And now, the triumphant termination to the tantalizing tale of tetrahedral totals!
To sum up so far: we began by observing that the number of gifts in the popular song The Twelve Days of Christmas can be described by tetrahedral numbers. Unsatisfied with adding up tetrahedral numbers by hand, we first experimented with using a computer to calculate them for us, but found even that method had its limits. In search of the way of cunning rather than force, we first developed a formula for calculating the simpler triangular numbers, then made a seemingly unrelated detour to discuss binomial coefficients, and saw an amazing connection between binomial coefficients and Pascal’s triangle. It might not be obvious, but we’re incredibly close to our goal — the pieces are in place; all that remains is to put them together.
The first thing to clear up is why on earth binomial coefficients have anything to do with Pascal’s triangle. Remember, the binomial coefficient
tells us how many ways there are to choose k things out of n. As we saw last time, if we make a table of binomial coefficients (with n down the side and k along the top), it is exactly the same as Pascal’s triangle, which is formed by a simple rule of addition: to get each new entry in the table, add the entry above it and the one above and to the left.
1 1 1 1 2 1 1 3 3 1 1 4 6 4 1 1 5 10 10 5 1 1 6 15 20 15 6 1 1 7 21 35 35 21 7 1 1 8 28 56 70 56 28 8 1
It’s clear why the left and right sides of Pascal’s triangle are made of all 1’s, and it’s clear why the corresponding binomial coefficients are also equal to 1 (they are of the form or — there’s only one way to choose nothing, or everything). So the real question is, why do binomial coefficients obey the same kind of simple addition rule that creates Pascal’s triangle?
Let’s translate the addition rule of Pascal’s triangle into the language of binomial coefficients. The addition rule says that to get any entry in Pascal’s triangle, you add the entry above it and the one above and to the left; if a particular entry is given by , then the ones above it and above and to the left are and respectively. So the addition rule says that
Why is this true? There’s actually a simple explanation. Suppose you want to choose k things out of n total things. Take the last of the n things and call it Thing Z. (Z for Zucchini. Yes, zucchini is a fruit.) Clearly, you have exactly two choices when it comes to Thing Z: you can include Thing Z in the k Chosen Things, or not. If you don’t include it, then you still have to choose k things, but now you only have n-1 total things to choose from, so you have ways to do it. On the other hand, if you do include Thing Z, then you only have to choose k-1 things from the remaining n-1 to complete your selection; there are ways to do that. Since these are the only two possibilities, and they obviously don’t overlap, the binomial addition identity is born! Neato! [You can also prove this identity by resorting to the definition of binomial coefficients in terms of factorials; a little massaging of denominators, a little factoring, and hey presto! I’ll leave that as an exercise for the interested reader.]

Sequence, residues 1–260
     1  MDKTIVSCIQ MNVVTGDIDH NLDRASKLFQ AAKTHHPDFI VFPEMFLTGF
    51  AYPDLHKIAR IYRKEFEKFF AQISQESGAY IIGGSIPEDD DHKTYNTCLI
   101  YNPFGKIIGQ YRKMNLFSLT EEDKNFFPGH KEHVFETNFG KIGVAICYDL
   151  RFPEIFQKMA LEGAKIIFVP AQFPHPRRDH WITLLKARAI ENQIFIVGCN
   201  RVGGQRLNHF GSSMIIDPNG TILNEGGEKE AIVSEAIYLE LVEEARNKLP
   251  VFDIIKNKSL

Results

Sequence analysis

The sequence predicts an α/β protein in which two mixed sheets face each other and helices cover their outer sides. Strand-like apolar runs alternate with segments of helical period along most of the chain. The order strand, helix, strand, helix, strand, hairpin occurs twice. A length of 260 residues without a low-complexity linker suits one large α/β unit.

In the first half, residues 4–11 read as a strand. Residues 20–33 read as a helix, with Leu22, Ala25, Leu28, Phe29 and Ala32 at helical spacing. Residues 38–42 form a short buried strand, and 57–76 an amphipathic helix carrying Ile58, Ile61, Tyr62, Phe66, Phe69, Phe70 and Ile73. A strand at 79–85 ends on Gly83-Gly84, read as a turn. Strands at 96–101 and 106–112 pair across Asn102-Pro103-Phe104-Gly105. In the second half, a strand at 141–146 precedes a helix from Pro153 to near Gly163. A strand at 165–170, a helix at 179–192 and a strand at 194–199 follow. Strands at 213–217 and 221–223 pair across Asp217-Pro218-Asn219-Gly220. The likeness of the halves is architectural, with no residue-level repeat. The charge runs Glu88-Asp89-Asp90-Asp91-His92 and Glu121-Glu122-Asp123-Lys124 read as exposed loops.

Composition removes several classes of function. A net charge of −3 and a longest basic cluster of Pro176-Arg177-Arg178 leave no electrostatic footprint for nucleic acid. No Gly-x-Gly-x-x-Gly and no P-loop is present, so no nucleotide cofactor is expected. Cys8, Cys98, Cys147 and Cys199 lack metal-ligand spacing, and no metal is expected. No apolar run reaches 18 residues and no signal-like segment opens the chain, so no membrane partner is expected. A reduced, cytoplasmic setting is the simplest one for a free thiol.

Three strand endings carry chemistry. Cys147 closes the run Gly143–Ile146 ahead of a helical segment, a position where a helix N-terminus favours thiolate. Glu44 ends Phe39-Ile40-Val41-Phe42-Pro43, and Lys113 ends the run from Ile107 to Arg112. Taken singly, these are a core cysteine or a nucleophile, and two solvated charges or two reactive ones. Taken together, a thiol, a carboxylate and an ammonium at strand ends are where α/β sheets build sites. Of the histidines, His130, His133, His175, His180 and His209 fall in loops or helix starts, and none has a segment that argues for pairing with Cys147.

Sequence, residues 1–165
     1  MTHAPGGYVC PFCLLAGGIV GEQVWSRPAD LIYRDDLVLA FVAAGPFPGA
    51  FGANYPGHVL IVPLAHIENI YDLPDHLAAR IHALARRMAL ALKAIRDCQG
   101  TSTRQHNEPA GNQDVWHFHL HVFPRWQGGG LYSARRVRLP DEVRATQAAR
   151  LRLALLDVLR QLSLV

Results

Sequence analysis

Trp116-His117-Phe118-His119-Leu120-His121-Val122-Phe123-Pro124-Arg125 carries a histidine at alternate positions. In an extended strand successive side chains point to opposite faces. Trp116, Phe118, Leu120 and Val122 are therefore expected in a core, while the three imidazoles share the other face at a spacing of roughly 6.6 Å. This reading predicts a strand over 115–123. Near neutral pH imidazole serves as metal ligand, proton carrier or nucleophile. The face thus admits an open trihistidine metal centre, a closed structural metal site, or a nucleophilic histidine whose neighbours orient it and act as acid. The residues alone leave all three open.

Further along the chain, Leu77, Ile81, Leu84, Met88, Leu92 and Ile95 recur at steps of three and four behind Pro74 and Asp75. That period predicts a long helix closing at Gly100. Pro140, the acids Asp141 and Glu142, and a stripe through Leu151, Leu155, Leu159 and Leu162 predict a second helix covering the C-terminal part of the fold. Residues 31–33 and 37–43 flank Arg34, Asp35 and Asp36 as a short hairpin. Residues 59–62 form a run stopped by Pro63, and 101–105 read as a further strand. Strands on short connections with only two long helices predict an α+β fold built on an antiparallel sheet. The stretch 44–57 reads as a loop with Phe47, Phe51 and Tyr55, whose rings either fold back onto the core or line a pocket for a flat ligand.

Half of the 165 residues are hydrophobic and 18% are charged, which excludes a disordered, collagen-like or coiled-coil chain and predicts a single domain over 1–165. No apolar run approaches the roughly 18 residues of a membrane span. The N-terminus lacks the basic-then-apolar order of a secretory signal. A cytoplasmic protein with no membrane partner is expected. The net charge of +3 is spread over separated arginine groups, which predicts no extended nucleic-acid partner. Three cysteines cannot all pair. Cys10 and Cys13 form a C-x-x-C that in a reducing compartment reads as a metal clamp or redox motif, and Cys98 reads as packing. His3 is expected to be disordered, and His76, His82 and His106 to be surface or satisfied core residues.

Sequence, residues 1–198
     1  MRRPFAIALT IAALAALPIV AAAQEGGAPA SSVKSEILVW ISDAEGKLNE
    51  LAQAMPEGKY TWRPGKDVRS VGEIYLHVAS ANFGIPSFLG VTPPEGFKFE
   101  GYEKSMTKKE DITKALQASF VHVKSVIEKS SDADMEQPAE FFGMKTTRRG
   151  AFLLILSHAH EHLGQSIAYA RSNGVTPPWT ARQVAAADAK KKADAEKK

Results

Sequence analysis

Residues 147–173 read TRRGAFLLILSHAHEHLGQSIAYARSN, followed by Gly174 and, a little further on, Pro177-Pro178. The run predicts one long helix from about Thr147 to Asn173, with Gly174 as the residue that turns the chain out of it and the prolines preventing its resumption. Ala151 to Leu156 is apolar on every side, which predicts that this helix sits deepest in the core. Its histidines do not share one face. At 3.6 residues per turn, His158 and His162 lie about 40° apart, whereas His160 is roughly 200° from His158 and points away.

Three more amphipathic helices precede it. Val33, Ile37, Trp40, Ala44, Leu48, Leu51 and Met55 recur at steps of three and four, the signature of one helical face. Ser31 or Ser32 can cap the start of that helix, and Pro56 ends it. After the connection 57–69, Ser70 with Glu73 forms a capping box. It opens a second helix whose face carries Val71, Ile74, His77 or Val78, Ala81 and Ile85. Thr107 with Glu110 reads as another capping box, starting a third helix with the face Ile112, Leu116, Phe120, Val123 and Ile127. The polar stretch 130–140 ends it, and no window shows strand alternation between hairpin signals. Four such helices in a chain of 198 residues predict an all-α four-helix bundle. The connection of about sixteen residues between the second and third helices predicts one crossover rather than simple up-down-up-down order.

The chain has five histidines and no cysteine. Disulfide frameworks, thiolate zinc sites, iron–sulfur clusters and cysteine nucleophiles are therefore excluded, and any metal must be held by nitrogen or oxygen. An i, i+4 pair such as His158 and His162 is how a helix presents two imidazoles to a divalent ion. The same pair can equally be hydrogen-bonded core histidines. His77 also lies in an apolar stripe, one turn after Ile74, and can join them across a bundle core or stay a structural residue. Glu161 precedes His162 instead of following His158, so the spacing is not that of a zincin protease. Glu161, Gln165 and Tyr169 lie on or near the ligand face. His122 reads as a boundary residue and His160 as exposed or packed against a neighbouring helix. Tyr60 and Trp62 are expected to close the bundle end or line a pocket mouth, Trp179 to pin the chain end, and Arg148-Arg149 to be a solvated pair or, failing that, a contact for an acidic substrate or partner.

Cool, now we know why Pascal’s triangle is just binomial coefficients in disguise (or vice versa). But what does all of this have to do with tetrahedral numbers? Well, do you remember what the first few tetrahedral numbers are? Let’s see… the first few triangular numbers are 1, 3, 6, 10, 15, 21… which would make the first few tetrahedral numbers 1, 4, 10, 20, 35, 56… right? Now go back and stare at Pascal’s triangle.
Do you see it?! We can just read off the tetrahedral numbers from the third column of Pascal’s triangle! (Remember, the leftmost column is the zeroth column.) For that matter, the triangular numbers are in the second column. (And yes, the fourth column is the pentatope numbers, a pentatope being the four-dimensional analog of a tetrahedron; pentatope numbers are created from sums of tetrahedral numbers. And the fifth column is…) It’s not too hard to see why this is so: think about the addition rule, and the progression from a column of all 1’s, to a column of the counting numbers, to a column of triangular numbers, to a column of tetrahedral numbers… (if you have trouble figuring out why this works, leave a comment and I’ll explain in more detail).
So the tetrahedral numbers are just the numbers in the third column of Pascal’s triangle. But here’s the punchline: we already know how to compute the entries of Pascal’s triangle, using binomial coefficients! A moment’s thought reveals that the nth tetrahedral number can in fact be given by (the “+ 2” is because the first tetrahedral number is actually found in the third row). We can expand this a bit if we want:
Woohoo! Let’s try it:
It works! If you try calculating you’ll get just like we found before. And I’ll leave the fun of calculating to you!